Cyprus has been racking up a string of giant gas discoveries, notably ExxonMobil’s Glaucus and Eni’s Calypso find. In total Wood Mackenzie estimates 11 trillion cubic feet (Tcf) of recoverable gas resource was recently discovered in Cypriot waters but analysts question whether all discoveries can be commercialized. Building a pipeline to Egypt, or an FLNG plant off Cyprus, are the most viable options.
BP, one of the world's seven oil and gas supermajors, is understood to have agreed to pay around $10 billion to the private firm of the Romanian businessman Frank Timis after having purchased his stake in a gas field off the coast of Senegal for $250 million in 2017. BBC reporters uncovered this suspicious deal, but both BP and Mr. Timis deny any wrong doing.
Siemens has won a contract from an U.S. shale gas producer to supply three electric-drive centrifugal Dresser-Rand DATUM compression trains for two 250 million standard cubic feet per day (mmscf/d) cryogenic gas plants in the Delaware Basin, part of the greater Permian Basin in West Texas. The equipment will be commissioned in the latter part of 2020.
MAN Energy Solutions has won the "Africa Europe Award 2019" for its efforts in promoting German-African economic relations and establishing a sustainable and efficient local power supply on the continent. By 2050, Africa will be home to 25% of the world's population, hence sustainable power supply is vital to reach global climate goals.
Bruno Le Maire, the French finance minister, has pledged he would fight to save jobs at GE Power sites throughout the country. The minister’s comments come in reaction to GE's announcement it is seeking ways to lay off more than 1,044 employees at its Belfort manufacturing plant in eastern France, near the border with Switzerland.
Blackstone affiliate Zarou Ltd as well as Edra Power Holdings of Malaysia have both expressed interest to purchase three Siemens-build combined-cycle gas power stations in Egypt with a total capacity of 14.4 GW. A sale of the plants would ease the debt burden of state-run Egyptian Electricity Holding Company (EEHC), which owns and operates the three CCGTs.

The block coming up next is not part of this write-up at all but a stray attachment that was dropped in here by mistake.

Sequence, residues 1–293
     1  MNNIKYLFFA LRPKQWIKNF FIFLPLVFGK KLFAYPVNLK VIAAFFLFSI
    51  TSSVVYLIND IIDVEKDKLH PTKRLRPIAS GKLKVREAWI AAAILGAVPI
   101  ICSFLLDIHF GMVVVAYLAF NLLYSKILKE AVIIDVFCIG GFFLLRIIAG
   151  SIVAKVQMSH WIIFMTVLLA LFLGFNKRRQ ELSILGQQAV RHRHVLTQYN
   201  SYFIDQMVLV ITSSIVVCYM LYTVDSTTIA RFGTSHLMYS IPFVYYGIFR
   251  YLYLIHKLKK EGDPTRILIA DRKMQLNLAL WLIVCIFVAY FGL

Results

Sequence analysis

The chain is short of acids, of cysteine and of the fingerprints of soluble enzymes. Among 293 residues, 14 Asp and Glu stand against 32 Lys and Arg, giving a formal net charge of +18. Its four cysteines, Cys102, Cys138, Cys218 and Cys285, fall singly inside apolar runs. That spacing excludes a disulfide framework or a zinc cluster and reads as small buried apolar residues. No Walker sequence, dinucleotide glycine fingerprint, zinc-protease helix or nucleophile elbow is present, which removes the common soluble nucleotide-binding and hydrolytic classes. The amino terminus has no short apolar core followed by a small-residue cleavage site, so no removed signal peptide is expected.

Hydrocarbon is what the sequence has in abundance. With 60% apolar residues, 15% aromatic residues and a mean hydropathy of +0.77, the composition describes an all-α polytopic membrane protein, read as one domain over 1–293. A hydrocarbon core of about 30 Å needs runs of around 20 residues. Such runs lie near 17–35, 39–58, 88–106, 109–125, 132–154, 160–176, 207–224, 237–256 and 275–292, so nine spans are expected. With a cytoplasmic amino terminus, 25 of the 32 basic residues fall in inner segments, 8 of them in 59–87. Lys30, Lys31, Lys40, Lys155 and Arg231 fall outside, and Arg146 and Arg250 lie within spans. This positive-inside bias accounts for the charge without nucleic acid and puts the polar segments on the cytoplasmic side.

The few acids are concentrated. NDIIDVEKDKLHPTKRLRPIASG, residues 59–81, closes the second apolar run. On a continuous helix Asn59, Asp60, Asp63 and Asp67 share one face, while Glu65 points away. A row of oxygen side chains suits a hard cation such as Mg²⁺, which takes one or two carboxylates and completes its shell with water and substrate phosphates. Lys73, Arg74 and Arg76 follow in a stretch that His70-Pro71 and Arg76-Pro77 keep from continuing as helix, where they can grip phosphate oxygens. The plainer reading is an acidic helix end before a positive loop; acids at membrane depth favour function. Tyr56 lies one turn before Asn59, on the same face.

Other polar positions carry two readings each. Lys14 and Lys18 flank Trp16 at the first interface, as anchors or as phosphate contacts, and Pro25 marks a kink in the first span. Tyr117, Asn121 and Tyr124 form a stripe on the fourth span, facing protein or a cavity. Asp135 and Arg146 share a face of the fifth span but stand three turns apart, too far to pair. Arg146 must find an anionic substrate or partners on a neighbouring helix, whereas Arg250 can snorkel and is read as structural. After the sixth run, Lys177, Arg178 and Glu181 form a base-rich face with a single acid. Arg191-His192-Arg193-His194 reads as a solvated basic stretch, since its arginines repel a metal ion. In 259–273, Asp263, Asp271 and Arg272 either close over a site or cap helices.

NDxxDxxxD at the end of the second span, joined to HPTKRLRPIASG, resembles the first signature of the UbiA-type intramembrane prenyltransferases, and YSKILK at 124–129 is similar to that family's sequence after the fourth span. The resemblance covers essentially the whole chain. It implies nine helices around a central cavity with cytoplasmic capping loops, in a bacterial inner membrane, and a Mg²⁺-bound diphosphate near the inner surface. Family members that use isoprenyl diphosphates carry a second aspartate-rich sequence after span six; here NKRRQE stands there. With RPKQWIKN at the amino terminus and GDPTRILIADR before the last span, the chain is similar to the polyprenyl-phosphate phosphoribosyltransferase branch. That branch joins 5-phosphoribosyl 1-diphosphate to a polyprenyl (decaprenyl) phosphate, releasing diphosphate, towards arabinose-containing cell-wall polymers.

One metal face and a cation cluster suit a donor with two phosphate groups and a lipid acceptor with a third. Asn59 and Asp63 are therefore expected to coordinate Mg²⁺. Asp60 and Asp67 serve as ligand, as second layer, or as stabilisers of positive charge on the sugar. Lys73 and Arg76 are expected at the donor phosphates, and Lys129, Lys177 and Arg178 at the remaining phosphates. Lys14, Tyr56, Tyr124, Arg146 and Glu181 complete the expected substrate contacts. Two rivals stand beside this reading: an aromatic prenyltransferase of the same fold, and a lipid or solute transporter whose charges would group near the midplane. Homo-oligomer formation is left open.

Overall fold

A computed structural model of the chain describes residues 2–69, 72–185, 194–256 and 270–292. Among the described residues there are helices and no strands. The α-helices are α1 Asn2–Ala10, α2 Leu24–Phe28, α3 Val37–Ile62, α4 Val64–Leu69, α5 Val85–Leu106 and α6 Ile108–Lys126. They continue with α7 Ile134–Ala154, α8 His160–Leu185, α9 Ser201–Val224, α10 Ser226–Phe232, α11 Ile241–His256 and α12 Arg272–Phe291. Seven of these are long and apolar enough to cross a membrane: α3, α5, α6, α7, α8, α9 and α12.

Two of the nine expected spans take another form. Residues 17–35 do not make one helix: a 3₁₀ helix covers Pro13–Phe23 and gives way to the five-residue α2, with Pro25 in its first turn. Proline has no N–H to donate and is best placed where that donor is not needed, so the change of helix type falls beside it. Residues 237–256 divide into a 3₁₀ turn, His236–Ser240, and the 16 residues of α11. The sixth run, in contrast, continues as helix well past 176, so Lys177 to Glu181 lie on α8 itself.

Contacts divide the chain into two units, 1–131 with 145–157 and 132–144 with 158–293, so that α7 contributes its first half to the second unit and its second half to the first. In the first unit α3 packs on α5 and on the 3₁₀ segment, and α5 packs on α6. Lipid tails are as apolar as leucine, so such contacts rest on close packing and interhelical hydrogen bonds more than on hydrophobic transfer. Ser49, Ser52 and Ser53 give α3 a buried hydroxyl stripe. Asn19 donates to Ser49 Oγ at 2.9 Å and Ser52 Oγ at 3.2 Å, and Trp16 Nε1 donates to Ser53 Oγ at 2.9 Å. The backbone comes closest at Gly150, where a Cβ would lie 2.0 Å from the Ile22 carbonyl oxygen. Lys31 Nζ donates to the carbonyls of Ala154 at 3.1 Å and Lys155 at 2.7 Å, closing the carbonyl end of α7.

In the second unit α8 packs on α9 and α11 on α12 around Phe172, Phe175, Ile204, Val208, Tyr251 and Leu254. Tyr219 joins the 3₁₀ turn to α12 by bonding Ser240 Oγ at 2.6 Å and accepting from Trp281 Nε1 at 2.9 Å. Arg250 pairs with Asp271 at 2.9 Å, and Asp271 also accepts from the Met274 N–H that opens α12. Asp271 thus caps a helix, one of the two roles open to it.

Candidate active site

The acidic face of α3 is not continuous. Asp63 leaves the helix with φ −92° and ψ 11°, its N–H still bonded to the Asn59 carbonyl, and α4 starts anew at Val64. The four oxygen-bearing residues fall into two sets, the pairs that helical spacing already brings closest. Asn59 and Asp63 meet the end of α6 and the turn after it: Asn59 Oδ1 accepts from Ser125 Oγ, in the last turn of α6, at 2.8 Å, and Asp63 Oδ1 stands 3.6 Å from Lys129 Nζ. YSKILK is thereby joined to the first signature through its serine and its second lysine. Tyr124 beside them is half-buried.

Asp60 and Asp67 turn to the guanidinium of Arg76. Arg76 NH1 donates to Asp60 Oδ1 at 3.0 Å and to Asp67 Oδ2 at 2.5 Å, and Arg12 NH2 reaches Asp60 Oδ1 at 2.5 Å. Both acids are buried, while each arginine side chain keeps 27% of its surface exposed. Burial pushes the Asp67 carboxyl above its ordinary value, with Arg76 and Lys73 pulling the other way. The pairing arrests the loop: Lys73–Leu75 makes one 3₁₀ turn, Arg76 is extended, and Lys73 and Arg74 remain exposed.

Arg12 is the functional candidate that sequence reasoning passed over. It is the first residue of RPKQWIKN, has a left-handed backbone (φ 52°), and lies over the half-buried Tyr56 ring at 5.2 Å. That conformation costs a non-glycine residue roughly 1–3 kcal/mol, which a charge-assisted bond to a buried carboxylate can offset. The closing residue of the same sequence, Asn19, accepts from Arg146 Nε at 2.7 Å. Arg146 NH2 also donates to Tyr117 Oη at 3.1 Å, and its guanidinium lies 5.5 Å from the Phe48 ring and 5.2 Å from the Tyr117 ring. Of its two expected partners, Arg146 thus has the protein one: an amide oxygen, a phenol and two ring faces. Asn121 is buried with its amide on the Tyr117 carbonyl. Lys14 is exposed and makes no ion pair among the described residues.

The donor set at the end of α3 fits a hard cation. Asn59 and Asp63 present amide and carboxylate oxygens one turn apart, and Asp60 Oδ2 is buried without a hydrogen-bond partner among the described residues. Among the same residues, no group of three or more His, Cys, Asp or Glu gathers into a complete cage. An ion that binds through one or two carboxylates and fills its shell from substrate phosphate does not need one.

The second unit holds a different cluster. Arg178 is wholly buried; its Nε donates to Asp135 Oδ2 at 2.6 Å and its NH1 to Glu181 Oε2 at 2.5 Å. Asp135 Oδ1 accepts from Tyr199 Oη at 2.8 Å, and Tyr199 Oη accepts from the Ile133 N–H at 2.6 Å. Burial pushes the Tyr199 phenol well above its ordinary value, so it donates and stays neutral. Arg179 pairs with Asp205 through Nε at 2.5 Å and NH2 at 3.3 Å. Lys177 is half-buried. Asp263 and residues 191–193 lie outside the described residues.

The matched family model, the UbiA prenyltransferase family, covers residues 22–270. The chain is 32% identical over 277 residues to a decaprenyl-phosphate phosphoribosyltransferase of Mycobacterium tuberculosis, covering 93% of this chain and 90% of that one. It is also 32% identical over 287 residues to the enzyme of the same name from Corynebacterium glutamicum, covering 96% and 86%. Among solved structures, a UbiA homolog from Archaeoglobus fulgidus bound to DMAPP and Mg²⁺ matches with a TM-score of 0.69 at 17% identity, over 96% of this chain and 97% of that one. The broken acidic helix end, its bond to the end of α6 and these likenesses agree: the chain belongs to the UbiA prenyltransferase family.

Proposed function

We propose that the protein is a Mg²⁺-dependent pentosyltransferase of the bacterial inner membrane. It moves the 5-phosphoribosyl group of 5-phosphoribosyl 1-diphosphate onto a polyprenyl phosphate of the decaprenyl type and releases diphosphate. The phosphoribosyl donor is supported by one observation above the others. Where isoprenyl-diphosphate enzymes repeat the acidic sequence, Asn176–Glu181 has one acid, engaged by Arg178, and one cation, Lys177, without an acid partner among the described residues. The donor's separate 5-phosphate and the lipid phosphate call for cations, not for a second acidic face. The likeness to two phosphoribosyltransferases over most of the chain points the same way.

Despite significant progress in energy access, the world is falling short of meeting the global energy targets set in the United Nations Sustainable Development Goals (SDG) for 2030. The global electrification rate is now just over 89%, but the International Energy Agency (IEA) warns there is still a “dramatic lack of access to reliable, modern and sustainable energy in certain parts of the world, especially in sub-Saharan Africa.”
Spreads for arbitrage trading are narrowing between the Dutch TTF and the US Henry Hub as well as the TTF and the Japan Korea Marker (JKM), so Energy Aspects warns "any further tightening could close the arb windows and lock-in US supply.” The coal-to-gas switching level is seen at $3.70/mmbtu, or €11.1/MWh – below the breakeven to ship cargoes from the US to Europe at current freight rates.
Con Edison, the largest utility in the New York City area, has imposed a moratorium on new natural gas connections in most of Westchester County, claiming it it cannot guarantee uninterrupted service to new connections. Despite rising shale gas production in the Northeast, the rise in demand and infrastructure bottlenecks in the NYC area is now jeopardizing supply security.
Infigen Energy, an Australian listed renewable energy developer, has surprised market observers by announcing it will buy a 159 MW gas peaking power plant in New South Wales. The utility claims the Smithfield gas peaking plant will serve as a backstop, and allow it to invest in “up to 400 MW more cheap renewables.”
Japanese LNG imports notched up 0.3% in April, after dropping for five straight months over slowing demand for thermal energy as the restart of nuclear reactors progresses and coal outcompetes regasified LNG on price. Nine of Japan's 54 nuclear power stations were re-started last month, although only seven are currently operating.
Indian imports of LNG increased 9.75% in April, spurred by a drop in the costs of shipment and tepid demand from the power sector. Demand is bound to rise further if the Government will allow power plants running on regasified liquefied natural gas (RLNG) to sell electricity into the higher-priced spot market.
Russia’s Federal Agency for Mineral Resources has approved Gazprom’s latest gas discoveries on the Yamal Peninsular, the Dinkov and Nyarmeyskoye fields, containing over 500 Bcm of proven reserves combined. The finds underpin Gazprom’s plans to produce up 360 Bcm/y from its 32 fields in the region, with most of the volume designated for export through the Nord Stream pipeline.
Singapore’s big three banks – DBS Group Holdings (DBS), United Overseas Bank (UOB) and the Oversea-Chinese Banking Corporation (OCBC) have each announced they are ceasing financing for new coal-fired power plants. With this move, the banks accelerate the region’s fuel switch to natural gas. Echoing an initially largely European phenomenon, the latest Asian financial exodus highlights growing regional concerns with stranded coal power asset and air pollution.